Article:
Things are continuing to evolve in rather exciting ways, and while 13 doesn't mean much by itself, if this idea I call Fandrix were a child you could bet a lot of growing up would be happening right now - all of which is very true in how I view my identity surrounding this. Who knew I'd still be so invested in this at 25? One point to me for dedication, haha.

Editor Profile

Feb 3, 2010

What I Don't Like About the Oscars

With the 2010 Academy Award nominations being announced yesterday, my ambitious movie watching schedule is kicking off as I try to catch as many flicks as possible before the March 7 telecast. It's always fun seeing what big titles get the nod (like Avatar), but even more so, hearing about the pictures that flew under the radar and still got recognized (like A Single Man). And despite my love of movies, independent cinema, and the 'industry', there are actually several things that bother me about the spectacle that is the Oscars.

1) The Red Carpet
From who's wearing who to the redundant questioning and forced banter, I find the red carpet to be a drawn out and cringe-worthy experience to watch. Some people love this part the most - the celebrity of it all, etc. - but to me the show itself has enough of this already. It's mainly a pointless fashion parade with unintelligible commentary throughout. I can almost handle it until you witness a host giving a brush off or not realizing who the person is they're talking to - *cringe* no thanks (it's awkward television without the punchline).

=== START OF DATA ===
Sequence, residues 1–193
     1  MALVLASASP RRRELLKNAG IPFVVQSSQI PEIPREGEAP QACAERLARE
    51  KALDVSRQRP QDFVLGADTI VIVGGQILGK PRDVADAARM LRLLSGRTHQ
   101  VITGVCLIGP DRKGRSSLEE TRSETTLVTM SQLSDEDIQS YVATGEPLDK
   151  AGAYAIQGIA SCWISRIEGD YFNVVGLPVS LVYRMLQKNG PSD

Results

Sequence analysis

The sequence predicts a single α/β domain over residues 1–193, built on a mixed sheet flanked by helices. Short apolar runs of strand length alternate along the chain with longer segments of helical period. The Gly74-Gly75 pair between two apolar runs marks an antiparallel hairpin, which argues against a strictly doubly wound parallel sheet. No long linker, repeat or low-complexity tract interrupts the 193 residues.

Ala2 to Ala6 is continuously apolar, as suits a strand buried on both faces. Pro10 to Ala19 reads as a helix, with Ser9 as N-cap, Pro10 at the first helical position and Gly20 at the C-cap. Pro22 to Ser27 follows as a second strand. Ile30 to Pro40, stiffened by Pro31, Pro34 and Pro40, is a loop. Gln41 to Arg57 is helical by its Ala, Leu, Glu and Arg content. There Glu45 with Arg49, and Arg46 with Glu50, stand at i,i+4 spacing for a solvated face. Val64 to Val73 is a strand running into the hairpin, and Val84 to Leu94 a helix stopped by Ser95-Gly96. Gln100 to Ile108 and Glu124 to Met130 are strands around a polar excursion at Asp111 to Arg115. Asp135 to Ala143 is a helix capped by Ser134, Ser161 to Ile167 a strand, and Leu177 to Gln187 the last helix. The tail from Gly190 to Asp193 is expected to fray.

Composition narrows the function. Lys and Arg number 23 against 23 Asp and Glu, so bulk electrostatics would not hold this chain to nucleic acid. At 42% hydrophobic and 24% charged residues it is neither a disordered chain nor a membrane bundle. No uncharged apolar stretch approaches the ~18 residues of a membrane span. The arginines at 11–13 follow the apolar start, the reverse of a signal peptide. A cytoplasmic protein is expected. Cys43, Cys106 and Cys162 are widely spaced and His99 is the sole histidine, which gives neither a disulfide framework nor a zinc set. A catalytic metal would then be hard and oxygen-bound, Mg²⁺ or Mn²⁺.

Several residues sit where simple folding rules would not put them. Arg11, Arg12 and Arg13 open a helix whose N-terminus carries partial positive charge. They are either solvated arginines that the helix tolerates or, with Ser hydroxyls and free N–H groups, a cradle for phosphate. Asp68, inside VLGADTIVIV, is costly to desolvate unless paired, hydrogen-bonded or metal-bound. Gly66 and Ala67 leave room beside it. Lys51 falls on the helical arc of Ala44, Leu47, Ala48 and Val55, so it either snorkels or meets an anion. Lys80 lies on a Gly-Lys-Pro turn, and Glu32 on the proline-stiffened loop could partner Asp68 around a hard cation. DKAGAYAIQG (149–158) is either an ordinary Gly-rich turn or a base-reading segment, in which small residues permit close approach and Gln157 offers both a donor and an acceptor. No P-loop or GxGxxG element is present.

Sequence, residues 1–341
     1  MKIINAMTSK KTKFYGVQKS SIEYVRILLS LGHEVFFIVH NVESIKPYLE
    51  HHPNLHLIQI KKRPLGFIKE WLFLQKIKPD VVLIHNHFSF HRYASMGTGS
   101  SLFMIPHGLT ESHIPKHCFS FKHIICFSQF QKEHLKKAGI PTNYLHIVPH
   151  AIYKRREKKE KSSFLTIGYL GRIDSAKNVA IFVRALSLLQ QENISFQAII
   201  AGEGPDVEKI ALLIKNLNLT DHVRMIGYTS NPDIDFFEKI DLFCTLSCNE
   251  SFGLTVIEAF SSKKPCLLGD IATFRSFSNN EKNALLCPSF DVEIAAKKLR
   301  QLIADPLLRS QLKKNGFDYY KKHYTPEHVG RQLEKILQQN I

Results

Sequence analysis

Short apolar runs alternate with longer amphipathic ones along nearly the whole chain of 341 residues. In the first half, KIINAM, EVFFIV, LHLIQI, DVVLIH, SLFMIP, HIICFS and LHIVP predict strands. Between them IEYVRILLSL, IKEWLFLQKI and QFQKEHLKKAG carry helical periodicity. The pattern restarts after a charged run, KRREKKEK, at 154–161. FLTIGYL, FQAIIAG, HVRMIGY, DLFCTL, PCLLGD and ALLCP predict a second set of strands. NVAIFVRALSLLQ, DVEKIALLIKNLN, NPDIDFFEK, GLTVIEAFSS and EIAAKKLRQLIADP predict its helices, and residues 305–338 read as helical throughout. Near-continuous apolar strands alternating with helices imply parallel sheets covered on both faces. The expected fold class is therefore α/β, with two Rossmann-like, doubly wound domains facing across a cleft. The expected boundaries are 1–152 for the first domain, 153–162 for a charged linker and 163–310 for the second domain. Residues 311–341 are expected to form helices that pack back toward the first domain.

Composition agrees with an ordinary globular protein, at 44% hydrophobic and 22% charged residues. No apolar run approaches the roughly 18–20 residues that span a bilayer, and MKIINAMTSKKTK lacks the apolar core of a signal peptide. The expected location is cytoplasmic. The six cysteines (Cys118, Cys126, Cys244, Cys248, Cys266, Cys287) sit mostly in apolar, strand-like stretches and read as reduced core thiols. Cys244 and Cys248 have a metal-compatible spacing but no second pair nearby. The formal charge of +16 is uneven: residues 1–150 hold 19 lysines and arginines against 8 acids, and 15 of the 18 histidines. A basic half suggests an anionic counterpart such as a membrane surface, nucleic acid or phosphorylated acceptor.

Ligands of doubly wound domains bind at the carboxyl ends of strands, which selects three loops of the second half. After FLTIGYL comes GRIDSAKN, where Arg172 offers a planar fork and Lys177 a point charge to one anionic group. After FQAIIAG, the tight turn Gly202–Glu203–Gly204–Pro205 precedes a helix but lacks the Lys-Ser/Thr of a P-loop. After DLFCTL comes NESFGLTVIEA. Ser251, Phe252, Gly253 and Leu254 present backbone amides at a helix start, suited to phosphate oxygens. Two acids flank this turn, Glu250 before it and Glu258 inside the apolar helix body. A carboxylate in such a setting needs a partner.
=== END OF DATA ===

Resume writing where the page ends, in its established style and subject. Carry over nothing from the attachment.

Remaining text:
2) Reaction Shots
The need to cut to actors and celebs for reactions to jokes or any mention of a related project is often painful to witness. It's inevitable to happen - someone isn't paying attention, is obviously disappointed after a loss, or is forcing their 'I'm cool with this joke' smile - it can immediately take you out of the moment (or ruin the illusion of the Oscars) when the cutaways seem so uncoordinated.

3) Overly Ambitious Speeches
You know the ones - celebs trying to thank everybody they ever worked with and their dogs. This becomes especially tiresome when the music starts up and they rattle through 50 more names. Timing is everything, and a great speech is in the moment, concise, and with only a very select mention of those either directly involved or otherwise overlooked.

4) The Run-Time
Everyone knows the Oscars are long and it's one of the telecasts greatest weaknesses. I sit through it because I actually care who wins, but I completely understand people getting bored. Trying to group more of the technical awards together or finding more creative ways to give them out (the multiple Oscar winner presenters was a nice touch last year) is becoming more essential as the Awards dip in the ratings. It's tough to sit through when the ultimate celebration in movies becomes the ultimate lecture.

Regardless of all these things (which I understand are inherently part of the Oscar experience to begin with) I'll be tuned in to see who wins. Watching the nominated movies still remains the best part of the Academy Awards in my opinion though, and that's as it should be I think.